Single Sash Windows
The sash window consists of two panels arranged vertically. This type of window is attributed to the English inventor Robert Hooke, its use caught on quickly due to the design's simplicity. In the single hung sash, the bottom panel moves up to allow the flow of air, while the top panel stays fixed.
Double Hung Windows
The double panel sash window is probably the most widely used of all window types. It consists of two vertically arranged panels, both of which can be moved all the way up and down.
The casement window was popular in the UK before the invention of the sash window and is still popular in many European countries. In this design, the operable panel (installed singly or in pairs) hangs on a hinge that enables the window to be opened like a door.
The awning window is a casement that's mounted vertically, with the hinge at the top so the window pushes out. This type of window is especially useful for allowing air to flow without admitting seasonal debris (e.g., falling leaves) or rainfall.
Since their use in castles during the English Renaissance, bay windows have come a long way. Today—in mansions and modest homes alike—bay windows are beloved for allowing maximum light to enter a room, as the sun moves across the sky over the course of a day.
Walter A. Aue via flickr.com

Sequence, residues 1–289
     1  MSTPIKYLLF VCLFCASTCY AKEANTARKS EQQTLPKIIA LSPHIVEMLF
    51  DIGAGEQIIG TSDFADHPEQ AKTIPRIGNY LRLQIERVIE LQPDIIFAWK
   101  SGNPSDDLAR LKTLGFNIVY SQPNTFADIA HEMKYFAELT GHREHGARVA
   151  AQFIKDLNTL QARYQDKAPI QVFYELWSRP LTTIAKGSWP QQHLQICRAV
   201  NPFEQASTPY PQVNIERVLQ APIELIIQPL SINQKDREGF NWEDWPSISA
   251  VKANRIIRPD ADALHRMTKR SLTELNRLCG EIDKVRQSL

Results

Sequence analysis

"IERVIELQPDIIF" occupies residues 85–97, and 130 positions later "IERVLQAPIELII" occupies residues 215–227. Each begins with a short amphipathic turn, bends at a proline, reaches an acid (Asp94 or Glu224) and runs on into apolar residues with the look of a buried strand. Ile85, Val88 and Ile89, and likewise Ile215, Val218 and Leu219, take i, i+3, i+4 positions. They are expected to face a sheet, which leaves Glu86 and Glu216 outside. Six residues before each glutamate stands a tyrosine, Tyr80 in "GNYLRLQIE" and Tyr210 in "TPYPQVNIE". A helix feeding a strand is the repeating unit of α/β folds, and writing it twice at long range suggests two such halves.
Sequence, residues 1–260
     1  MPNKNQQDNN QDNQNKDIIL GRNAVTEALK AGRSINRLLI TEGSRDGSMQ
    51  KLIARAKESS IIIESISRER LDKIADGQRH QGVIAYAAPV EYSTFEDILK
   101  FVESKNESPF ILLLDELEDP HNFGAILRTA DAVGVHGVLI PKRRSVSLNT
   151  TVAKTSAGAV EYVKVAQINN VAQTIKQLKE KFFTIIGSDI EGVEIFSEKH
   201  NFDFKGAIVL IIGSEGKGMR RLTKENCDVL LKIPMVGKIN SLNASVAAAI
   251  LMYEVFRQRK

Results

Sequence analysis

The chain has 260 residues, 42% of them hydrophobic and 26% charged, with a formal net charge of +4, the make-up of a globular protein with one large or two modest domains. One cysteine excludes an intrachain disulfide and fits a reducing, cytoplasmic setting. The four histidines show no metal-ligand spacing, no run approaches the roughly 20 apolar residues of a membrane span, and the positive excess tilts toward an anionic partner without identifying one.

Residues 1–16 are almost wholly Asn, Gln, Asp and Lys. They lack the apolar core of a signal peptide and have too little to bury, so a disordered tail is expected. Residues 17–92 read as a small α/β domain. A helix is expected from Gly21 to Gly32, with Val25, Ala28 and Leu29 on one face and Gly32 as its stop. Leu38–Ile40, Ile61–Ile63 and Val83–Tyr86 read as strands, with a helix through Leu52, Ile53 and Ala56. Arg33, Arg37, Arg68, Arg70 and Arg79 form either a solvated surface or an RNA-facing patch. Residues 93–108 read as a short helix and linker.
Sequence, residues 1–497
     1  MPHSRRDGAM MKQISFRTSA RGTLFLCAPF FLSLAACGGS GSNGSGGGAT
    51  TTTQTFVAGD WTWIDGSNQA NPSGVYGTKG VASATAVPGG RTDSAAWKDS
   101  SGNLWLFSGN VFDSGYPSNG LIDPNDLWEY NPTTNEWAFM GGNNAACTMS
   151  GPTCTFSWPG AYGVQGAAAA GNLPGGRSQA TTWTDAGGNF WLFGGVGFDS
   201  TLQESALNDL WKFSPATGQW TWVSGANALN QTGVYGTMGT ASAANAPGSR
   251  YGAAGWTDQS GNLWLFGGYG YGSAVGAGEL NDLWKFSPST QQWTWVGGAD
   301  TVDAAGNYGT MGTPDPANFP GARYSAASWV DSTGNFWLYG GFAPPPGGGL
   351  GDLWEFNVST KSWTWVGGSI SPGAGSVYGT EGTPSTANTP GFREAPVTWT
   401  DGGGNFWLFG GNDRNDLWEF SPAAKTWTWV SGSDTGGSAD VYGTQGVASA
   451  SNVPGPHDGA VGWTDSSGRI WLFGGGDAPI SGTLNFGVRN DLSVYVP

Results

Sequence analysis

The bow window depends on a curved architecture and uses more glass panels than a bay window does (to account for the curvature). The window pictured is from the Hôtel Otlet in Brussels, Belgium.
EmDee via Wikimedia Commons
The jalousie window is a distinctly American style, invented by Joseph W. Walker of Massachusetts in 1900. This type of window consists of thin, staggered strips of glass that open and close together like a Venetian blind.
Jacob Davies via flickr.com
The Palladian window is derived from the work of exalted Renaissance architect Andrea Palladio. The Palladian design is usually a large panel embellished by an arched top and two smaller side panels.
Sliding Sash Window
The sliding sash window consists of two horizontally mounted sashes that open and close easily by sliding along on a track. Sliders are an excellent choice of window to mount over a counter or sink—any circumstance where there is an obstacle to access.
Fixed windows do not open; they can either be located on exterior walls to admit natural light or set into interior walls (e.g., over a door). This type of window comes in all sorts of shapes and sizes, and of course custom options are also available.
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